Pupae are shiny brown; the anterior end is sharply rounded and the posterior end has two hooks and spines. Pupae are about 0.43 inch (11 mm) long and 0.15 inch(3.5 mm) wide. Sexes can be separated by the position of the genital opening. In male pupae, the genital opening is located ventrally on the ninth abdominal segment anterior to the anal opening, located on the tenth abdominal segment. The female genital opening is located on the eighth abdominal segment anterior to the anal opening, also located on the tenth abdominal segment.

Life Cycle

The spear-marked black moth has one generation a year (fig. 4) and overwinters as a pupa. Adults appear from early June to early July and have a lifespan of 2 or 3 weeks. Following emergence, moths spend the first 3 days ingesting water and are usually found aggregated en masse in moist areas such as streambanks, drainage ditches, and road banks.

Figure 4
Figure 4. Seasonal development of the spear-marked black moth in interior Alaska.

Figure 5
Figure 5. Leaves webbed together to form larval feeding enclosures.
Females produce a sex pheromone that induces mating behavior in males. About 72 hours after emergence, mating occurs on low growing plants within 6.5 feet (2 m) above ground level. Sex pheromone production, mating, and flight occur throughout the 22 hours of light that is present in interior Alaska in June. Within 24 hours after mating, females fly upward to the tree crowns and begin a random search for sites on which to deposit their eggs. Eggs are laid singly or more often in clusters on the upper surface of leaves or in folds of leaves that have been rolled by leaf rollers. An average of 70 eggs is laid per female over a period of 3 days. Egg laying occurs from mid-June to early July, and larval hatch begins 7 days after eggs are deposited.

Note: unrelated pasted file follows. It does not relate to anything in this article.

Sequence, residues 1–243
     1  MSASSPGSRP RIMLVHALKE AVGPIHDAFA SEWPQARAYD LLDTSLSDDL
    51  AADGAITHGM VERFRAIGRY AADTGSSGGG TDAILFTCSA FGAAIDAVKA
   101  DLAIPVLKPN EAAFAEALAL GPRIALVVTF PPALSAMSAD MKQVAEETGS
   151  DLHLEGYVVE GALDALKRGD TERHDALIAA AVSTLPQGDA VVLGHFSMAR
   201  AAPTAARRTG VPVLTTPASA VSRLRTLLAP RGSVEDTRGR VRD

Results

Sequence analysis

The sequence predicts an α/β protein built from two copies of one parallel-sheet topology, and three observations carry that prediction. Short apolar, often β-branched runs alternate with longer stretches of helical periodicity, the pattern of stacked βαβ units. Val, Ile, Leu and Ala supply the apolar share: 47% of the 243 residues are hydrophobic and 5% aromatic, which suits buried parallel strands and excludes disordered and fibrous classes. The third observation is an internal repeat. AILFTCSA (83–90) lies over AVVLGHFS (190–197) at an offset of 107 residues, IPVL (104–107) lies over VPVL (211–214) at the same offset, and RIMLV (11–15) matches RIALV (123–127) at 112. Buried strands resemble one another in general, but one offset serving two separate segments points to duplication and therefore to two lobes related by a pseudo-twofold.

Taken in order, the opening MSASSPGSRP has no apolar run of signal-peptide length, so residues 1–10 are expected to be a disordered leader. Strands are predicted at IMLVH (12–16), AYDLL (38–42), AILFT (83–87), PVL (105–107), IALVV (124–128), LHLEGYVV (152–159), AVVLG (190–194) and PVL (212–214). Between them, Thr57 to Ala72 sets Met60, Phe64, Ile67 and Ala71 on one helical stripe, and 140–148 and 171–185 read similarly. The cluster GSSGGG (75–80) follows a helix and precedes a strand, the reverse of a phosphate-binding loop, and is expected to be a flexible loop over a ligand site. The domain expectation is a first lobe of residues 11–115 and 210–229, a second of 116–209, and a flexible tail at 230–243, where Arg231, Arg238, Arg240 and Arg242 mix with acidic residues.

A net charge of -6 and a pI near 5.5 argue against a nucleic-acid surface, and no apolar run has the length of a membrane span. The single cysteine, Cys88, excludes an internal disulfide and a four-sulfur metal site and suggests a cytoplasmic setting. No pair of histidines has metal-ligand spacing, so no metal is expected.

Young larvae feed gregariously (fig. 5) between two leaves that have been webbed together to form a sandwich-type shelter or along with leaf roller larvae in rolled leaves until the third or fourth instar, when individual larvae web one or two leaves together to form a shelter.

Larvae feed on both new- and old-growth foliage of birch, alder, willow, and rose. Feeding usually is confined to the upper layers of leaf tissues, giving the leaves a lacelike appearance.

Larvae mature during the latter part of July to early August and drop to the ground on silken threads; pupation occurs in the leaf litter and is completed by late August.


Parasites, predators, disease organisms, and weather are responsible for population declines of the spear-marked black moth. Six species of parasites have been reared from overwintering pupae: Aoplus ruficeps vagans, Coccygomimus (=Pimpla) aquilonius aquilonius, Cratichneumon sp., Gelis sp., Mesochorus sp., Hemitelini sp. One species was reared from mature larvae, Meteorus niveitarsis. Predaceous larvae of a carabid beetle, Calosoma sp., feed on the larval stage. Birds such as juncos, redpolls, and chickadees consume large numbers of moths. Disease organisms that infect mature larvae include a granulosis virus, a fungus, Entomopthora sp.; a protozoan, Microsporidia Nosema sp.; and several bacteria. Subfreezing temperatures prior to snowfall in September and October or a low accumulation of snow during the winter may be lethal to overwintering pupae. Deep snow insulates pupae from extremely cold air temperatures, and pupal survival increases with increased snow depth (fig. 6).

Figure 6
Figure 6. The effect of snow depth on survival of overwintering pupae of the spear-marked black moth in interior Alaska.

Direct control measures have not been recommended for this insect pest in Alaska. Populations usually decline within 2 years from natural causes. Spraying with chemicals is economically impractical to control epidemics that cover millions of acres of paper birch forest land receiving low-intensity management.


Baker, B. H., B. B. Hostetler, and T. H. Laurent. 1974. Forest insect and disease conditions in Alaska, 1974. USDA For. Serv., Juneau, Alaska. 23 p.

Downing, G. L. 1958. Summary of forest insect conditions in Alaska. USDA For. Serv., Alaska For. Res. Cent., Juneau, Alaska. 2 p.

McGuffin, W. C. 1973. The Rheumaptera of North America (Lepidoptera: Geometridae). Can. Entomol. 105:383-389.

Werner, R. A. 1976. Sex identification of adults and pupae of a birch defoliator, Rheumaptera hastata, in interior Alaska. USDA For. Serv. Res. Note PNW-275, 4 p. Pac. Northwest For. and Range Exp. Stn., Portland, Oreg.

Werner, R. A. 1977. Biology and behavior of the spear-marked black moth, Rheumaptera hastata, in interior Alaska. (In press.)

Issued July 1977
Formatted for the Internet April 1998